If anyone brings up Quantum Mechanics (QM) as evidence for their argument, you can safely assume that they have no idea what they are talking about.
More often than not references to QM really amount to little more than “QM is weird and doesn’t really make sense. [My idea or philosophy] is weird and doesn’t really make sense. Since QM is true, that means [my idea or philosophy] must be true too because it’s just like QM.”
If you understand something better than everyone else, than chances are pretty good that you don’t understand it at all.
Physicists are often approached by amateurs that claim to have proven that Newtons Laws of Motion are wrong, or that in fact E ≠ mc2. Heck, I’m no physicist and I’ve been approached by other amateur “scientists” who know me as a science buff with similar claims. In the vast majority of cases the person is simply misunderstanding some key point in the science, and in a large portion of those cases any attempt to correct that misunderstanding simply results in the claim that I and the entire scientific community are the ones misunderstanding it.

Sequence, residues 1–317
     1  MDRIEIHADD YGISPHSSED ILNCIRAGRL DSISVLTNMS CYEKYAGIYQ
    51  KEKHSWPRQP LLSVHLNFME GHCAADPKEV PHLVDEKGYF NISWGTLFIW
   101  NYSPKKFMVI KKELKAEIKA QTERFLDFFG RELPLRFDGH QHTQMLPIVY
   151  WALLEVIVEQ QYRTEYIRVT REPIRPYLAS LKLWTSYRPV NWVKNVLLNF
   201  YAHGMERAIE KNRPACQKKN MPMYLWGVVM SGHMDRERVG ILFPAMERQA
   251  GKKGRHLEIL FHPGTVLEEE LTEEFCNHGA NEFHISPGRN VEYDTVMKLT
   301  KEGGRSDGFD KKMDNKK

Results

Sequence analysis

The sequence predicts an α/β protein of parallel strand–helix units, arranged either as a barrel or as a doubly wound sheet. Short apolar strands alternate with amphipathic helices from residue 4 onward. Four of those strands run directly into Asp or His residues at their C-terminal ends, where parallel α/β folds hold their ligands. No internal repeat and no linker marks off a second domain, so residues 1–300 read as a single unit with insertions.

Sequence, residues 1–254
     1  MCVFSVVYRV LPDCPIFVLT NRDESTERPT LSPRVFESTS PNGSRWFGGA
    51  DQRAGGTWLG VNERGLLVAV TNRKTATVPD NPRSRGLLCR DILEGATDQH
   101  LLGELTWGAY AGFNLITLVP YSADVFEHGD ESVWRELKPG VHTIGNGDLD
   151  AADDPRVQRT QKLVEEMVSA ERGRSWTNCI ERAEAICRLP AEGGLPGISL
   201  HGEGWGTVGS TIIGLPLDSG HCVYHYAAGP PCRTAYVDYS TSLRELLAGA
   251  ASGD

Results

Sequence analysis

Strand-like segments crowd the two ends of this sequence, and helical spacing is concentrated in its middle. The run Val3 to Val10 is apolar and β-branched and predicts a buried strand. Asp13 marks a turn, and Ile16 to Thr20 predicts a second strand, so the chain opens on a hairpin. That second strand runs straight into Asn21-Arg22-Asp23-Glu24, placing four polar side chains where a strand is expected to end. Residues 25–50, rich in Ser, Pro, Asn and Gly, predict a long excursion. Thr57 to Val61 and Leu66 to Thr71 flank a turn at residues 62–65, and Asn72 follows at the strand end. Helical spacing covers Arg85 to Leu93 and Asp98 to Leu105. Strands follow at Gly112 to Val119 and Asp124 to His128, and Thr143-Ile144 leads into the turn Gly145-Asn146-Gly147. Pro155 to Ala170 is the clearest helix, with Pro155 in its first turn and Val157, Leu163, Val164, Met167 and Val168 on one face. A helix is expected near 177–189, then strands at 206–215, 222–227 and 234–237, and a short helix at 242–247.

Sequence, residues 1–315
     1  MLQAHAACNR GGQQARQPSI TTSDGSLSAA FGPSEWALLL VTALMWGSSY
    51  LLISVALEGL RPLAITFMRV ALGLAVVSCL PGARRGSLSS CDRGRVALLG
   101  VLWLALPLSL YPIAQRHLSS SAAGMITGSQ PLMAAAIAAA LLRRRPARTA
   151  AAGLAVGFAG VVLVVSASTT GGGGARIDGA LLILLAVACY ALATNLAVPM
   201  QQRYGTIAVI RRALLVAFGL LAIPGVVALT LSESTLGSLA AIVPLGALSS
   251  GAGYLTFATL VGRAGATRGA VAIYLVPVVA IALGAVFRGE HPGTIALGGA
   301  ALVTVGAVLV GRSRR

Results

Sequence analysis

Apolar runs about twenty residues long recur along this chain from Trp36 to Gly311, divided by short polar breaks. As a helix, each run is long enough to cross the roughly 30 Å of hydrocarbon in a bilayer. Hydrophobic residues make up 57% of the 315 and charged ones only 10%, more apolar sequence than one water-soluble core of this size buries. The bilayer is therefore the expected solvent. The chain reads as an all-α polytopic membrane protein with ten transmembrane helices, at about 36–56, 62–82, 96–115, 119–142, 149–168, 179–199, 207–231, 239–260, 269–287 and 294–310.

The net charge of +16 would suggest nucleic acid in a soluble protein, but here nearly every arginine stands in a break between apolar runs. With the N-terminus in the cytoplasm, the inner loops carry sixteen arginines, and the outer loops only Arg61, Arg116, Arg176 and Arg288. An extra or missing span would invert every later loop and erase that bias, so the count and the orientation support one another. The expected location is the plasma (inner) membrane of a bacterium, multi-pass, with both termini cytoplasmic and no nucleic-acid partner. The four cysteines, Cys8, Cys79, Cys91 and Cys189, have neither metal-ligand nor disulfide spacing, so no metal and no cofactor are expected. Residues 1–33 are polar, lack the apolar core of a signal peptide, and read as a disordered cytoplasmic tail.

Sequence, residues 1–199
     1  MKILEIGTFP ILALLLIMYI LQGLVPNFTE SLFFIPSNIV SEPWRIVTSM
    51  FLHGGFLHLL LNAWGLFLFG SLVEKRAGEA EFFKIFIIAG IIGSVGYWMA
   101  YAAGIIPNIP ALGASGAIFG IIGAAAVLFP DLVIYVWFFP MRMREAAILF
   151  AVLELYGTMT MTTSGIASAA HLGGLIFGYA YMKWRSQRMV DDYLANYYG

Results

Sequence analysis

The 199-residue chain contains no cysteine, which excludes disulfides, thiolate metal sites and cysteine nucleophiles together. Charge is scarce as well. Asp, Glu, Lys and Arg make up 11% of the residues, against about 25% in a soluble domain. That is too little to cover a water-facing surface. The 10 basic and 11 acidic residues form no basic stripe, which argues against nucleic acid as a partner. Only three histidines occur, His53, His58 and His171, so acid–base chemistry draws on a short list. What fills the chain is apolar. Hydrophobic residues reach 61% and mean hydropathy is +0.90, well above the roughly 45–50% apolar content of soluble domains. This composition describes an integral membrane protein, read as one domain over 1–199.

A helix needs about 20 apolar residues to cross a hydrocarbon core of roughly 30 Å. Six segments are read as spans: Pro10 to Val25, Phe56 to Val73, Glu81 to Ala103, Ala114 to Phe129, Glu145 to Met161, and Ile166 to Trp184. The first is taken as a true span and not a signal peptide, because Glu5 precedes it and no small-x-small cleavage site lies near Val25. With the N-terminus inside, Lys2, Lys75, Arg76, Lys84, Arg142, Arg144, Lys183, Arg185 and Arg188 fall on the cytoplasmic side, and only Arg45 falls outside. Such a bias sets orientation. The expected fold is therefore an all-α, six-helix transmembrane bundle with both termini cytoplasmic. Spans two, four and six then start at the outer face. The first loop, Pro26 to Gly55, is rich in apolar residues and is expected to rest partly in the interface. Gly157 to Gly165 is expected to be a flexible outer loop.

Yes, it’s theoretically possible that every other human being on the planet somehow missed this idea of yours that completely changes our understanding of the universe. It’s theoretically possible that no one ever considered the physical results of a person throwing a baseball far from any other gravitational body. It’s theoretically possible that every calculation ever done based on the known scientific laws were only right because every scientist before now was willing to “fudge” the result to make it fit with what they already knew to be true anyway. And yes, it’s theoretically possible that you understand something better after a few hours of study than other people do after a lifetime.
It’s just not very likely.